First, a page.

The Sustainable Development Goals

by Joseph Hirst

As a Geography BSc undergraduate, the natural environment holds a very important place in my heart. I wouldn’t study it otherwise! This love for the environment isn’t recent either- I was part of my secondary school’s environment team throughout my time there (including 6th form). It was no real surprise to see that I’d join the Geography Department Sustainability Champions team at King’s when I heard about its existence. Given my history, I was surprised to hear that much of the work of the sustainability champions scheme focused on the sustainable development goals, something I knew little about! These goals aren’t explicitly taught in the Geography BSc but, as I grew to learn, these goals are incredibly important for everyone – from the international community to a single undergraduate student.

So, what are exactly are the sustainable development goals? At the start of King’s Sustainability Week 2018, this is a good time to answer that question. Put simply, they are a number of internationally agreed objectives to be achieved by 2030. These goals were set up by the United Nations in 2015 in order to focus their efforts during the next 15 years. These goals followed the famous millenium development goals, and were specifically created in relation to their successes and failures. These 17 goals are:

1. End poverty in all its forms everywhere
2. End hunger, achieve food security and improved nutrition and promote sustainable agriculture
3. Ensure healthy lives and promote well-being for all at all ages
4. Ensure inclusive and equitable quality education and promote lifelong learning opportunities for all
5. Achieve gender equality and empower all women and girls
6. Ensure availability and sustainable management of water and sanitation for all
7. Ensure access to affordable, reliable, sustainable and modern energy for all
8. Promote sustained, inclusive and sustainable economic growth, full and productive employment and decent work for all
9. Build resilient infrastructure, promote inclusive and sustainable industrialisation and foster innovation
10. Reduce inequality within and among countries
11. Make cities and human settlements inclusive, safe, resilient and sustainable
12. Ensure sustainable consumption and production patterns
13. Take urgent action to combat climate change and its impacts
14. Conserve and sustainable use the oceans, seas and marine resources for sustainable development
15. Protect, restore and promote sustainable use of terrestrial ecosystems, sustainably manage forests, combat desertification, and halt and reverse land degradation and halt biodiversity loss
16. Promote peaceful and inclusive societies for sustainable development, provide access to justice for all and build effective, accountable and inclusive institutions at all levels
17. Strengthen the means of implementation and revitalise the global partnership for sustainable development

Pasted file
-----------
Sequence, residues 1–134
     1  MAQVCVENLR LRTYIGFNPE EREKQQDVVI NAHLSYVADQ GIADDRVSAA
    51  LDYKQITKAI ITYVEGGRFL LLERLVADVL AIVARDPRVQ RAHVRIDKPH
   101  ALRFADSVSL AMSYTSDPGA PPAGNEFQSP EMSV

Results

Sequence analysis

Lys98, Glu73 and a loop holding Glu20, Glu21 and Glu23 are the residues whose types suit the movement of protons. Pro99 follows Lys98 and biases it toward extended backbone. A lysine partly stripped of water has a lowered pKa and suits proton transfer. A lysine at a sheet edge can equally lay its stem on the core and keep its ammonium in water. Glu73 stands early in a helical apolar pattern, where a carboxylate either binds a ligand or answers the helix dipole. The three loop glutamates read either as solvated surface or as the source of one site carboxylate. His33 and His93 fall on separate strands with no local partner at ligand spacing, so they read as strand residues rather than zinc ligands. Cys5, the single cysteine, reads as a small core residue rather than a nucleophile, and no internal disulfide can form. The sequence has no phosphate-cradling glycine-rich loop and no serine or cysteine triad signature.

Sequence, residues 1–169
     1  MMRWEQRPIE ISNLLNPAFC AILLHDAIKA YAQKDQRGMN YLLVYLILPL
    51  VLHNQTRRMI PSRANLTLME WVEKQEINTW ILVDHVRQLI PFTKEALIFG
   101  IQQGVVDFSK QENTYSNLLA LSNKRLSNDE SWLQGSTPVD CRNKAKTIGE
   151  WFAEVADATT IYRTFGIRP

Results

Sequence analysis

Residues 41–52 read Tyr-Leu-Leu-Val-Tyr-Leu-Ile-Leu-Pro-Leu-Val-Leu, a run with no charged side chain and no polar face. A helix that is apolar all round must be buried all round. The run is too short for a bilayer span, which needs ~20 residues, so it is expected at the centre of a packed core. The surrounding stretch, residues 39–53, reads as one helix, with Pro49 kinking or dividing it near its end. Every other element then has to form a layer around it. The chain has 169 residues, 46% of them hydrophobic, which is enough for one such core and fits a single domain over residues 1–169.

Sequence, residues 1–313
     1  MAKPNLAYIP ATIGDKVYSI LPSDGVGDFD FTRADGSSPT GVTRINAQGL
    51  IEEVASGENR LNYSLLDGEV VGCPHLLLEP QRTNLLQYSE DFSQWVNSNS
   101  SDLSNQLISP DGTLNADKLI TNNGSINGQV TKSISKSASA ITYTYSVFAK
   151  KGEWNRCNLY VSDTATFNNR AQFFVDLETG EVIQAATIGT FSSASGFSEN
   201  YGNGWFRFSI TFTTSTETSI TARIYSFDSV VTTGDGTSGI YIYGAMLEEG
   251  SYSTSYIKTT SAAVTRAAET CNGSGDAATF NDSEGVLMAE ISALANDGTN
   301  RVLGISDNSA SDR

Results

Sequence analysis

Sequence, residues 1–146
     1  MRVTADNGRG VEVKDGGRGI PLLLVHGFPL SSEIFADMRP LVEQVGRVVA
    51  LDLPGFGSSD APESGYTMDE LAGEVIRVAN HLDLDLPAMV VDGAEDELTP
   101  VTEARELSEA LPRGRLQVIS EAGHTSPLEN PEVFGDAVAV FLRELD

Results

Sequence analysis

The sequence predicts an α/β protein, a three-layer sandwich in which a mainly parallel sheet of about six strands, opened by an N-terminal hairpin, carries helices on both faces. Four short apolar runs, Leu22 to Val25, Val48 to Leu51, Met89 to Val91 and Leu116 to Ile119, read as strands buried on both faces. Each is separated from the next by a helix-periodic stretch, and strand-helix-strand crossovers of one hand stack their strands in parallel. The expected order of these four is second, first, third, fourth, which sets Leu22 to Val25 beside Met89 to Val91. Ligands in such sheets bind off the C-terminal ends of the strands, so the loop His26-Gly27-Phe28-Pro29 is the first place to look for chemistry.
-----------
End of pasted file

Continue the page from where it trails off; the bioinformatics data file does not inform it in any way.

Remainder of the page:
All of which are a lot easier to say than put into practice! Despite the optimism of achievable goals (and they are achievable), it will take a monumental amount of effort. This doesn’t just include communities at an international scale either, it’s going to take a lot of effort from all of us. It extends to regional governments, institutions like King’s, and of course each and every individual to make such an achievement possible. With that said, there is a big problem…

The Sustainable Development Goals aren’t widespread knowledge!

Sounds crazy, but it’s true. You only need to take a look at the figures:

Source: Hudson & van Heerde-Hudson (2016). Data presented by Devcom (2017)

Although this data is from 2015, the number of people that haven’t even heard of the sustainable development goals before is shocking. What’s worse is that not only are there going to be people who report that they know the goals better than they really do, but these are actually an improvement on the millennium development goals! These goals are vital to international development plans for the next decade, including the UK, and yet relatively few people even know about them.

There is however some good news – you now know about their existence! These goals apply and matter to everyone, because they’re going to take effort from all of us to achieve. There’s a really easy way for you to help us achieve them to. Simply by knowing and spreading knowledge of their existence, you’re helping us raise awareness. If you wanted, you could go a stage further and actively participate in activities to help achieve the goals. That can be small everyday things from switching lights off when you’re not using them, taking part in the free activities of Sustainability Week or to joining groups focused on improving sustainability (like, for example, King’s Sustainability Champions!). Each individual action starts to add up to make a big difference, and it’s the only way we’re going to be able to achieve these goals.

If you’d like to read more about the sustainable development goals, or share them around, you can click this link here. The full timetable for King’s Sustainability Week can be found here.

Devcom (2017) What People Know and Think About the Sustainable Development Goals: Selected Findings from Public Opinion Surveys [ONLINE] Available at:

Hudson & vanHeerde-Hudson (2016); survey of 6,000-8,000 individuals in France, Germany, UK & US. (Fieldwork: YouGov, 12/2015)

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